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Prime Minister Mark Rutte

The politics of the Netherlands is that of a indirect democracy. It has a constitution and a monarchy that operates within the constitution. The democratic structure is determined by a parliament (the legislative branch) and a government (the executive branch). The government depends on the confidence of the parliament, but the two branches aren't strictly separated (the parliamentary system).

The parliament is called the States General (Dutch: Staten-Generaal) and consists of two chambers: a lower house, the so-called Second Chamber (Dutch: Tweede Kamer), comparable with the House of Representatives in other countries, and a upper house, the so-called First Chamber (Dutch: Eerste Kamer), comparable with the Senate in other countries, and often called likewise.

At a lower level, there are provinces, municipalities and water boards.

On a higher level, the Netherlands makes part of the Benelux, Council of Europe, European Union, NATO and the United Nations.

The Netherlands is officially called the Kingdom of the Netherlands. It is composed of four countries: the Netherlands itself (the European part) and three island countries in the Caribbean: Aruba, Curaçao and Saint Martin. Three other islands in the Caribbean that belong to the Netherlands have a status of special municipalities of the Netherlands, the so-called Caribbean Netherlands.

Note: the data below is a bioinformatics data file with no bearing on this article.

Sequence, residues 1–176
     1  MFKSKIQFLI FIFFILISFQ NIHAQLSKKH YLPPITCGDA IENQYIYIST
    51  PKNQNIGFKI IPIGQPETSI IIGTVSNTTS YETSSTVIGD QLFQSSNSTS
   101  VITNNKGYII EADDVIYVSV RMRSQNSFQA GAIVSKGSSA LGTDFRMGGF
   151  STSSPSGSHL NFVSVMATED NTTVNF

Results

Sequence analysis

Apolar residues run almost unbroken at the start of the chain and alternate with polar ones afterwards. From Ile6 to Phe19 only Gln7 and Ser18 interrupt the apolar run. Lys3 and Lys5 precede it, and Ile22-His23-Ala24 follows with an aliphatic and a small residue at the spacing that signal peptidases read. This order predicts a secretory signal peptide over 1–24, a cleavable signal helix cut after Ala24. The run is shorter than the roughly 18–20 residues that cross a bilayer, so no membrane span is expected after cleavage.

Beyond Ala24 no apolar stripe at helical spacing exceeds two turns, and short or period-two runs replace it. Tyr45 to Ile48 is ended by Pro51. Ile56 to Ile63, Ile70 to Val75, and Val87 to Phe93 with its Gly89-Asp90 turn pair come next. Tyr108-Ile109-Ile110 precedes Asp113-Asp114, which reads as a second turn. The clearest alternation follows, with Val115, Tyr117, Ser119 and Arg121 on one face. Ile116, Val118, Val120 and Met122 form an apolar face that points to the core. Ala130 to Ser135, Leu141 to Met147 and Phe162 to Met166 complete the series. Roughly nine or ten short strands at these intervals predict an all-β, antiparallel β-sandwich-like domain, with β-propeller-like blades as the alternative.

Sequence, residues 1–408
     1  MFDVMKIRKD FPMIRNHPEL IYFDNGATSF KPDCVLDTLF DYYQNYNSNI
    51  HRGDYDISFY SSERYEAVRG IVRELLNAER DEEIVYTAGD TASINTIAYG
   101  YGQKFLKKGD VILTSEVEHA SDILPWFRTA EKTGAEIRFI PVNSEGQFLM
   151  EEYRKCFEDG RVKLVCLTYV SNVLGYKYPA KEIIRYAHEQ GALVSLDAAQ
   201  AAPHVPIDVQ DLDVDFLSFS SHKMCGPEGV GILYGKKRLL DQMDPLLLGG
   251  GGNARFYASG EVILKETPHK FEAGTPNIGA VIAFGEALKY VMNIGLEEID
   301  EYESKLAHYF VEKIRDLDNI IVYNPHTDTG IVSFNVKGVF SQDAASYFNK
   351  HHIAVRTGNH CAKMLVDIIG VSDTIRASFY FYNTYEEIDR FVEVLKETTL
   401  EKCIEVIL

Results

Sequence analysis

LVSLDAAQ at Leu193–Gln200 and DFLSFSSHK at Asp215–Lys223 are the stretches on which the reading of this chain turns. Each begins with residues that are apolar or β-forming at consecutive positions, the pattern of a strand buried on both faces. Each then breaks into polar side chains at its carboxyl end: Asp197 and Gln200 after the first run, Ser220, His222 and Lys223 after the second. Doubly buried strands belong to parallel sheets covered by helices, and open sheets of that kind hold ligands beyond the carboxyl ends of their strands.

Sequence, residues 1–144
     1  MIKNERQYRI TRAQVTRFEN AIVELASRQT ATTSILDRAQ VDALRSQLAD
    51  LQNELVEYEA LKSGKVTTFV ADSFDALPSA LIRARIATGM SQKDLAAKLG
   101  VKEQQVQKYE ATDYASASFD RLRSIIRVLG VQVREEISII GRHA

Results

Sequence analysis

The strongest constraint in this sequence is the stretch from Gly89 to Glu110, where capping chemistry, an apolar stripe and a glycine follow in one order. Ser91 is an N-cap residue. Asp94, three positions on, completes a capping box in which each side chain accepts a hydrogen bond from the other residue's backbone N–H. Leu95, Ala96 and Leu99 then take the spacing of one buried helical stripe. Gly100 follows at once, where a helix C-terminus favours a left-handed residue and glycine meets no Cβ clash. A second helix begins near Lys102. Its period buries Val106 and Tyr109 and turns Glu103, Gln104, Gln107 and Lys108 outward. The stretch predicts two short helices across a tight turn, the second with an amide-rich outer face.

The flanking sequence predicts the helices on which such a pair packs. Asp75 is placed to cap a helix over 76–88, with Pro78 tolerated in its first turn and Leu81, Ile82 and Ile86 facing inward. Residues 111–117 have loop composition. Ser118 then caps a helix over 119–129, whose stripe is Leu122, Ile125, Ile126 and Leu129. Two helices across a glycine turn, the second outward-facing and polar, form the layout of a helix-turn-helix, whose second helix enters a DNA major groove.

Current government is the Third Rutte cabinet, a coalition of the People's Party for Freedom and Democracy (VVD, a conservative liberal party), the Christian Democratic Appeal (CDA, a Christian democratic party), Democrats 66 (D66, a social liberal party), and the ChristianUnion (CU, an orthodox Christian democratic party).

The Third Rutte Cabinet was established on October 26, 2017. Prime Minister has been VVD politician Mark Rutte since 2010.

Political partiesEdit

The following 13 political parties are in parliament:

No more in parliament:

  • DS'70 - Democratic Socialists '70 (Dutch: Democratisch Socialisten '70), a former moderate social democratic party, a split from the PvdA.
  • LPF - Pim Fortuyn List (Dutch: Lijst Pim Fortuyn), a former populist party established by the in 2002 murdered politician Pim Fortuyn.

Political leadersEdit

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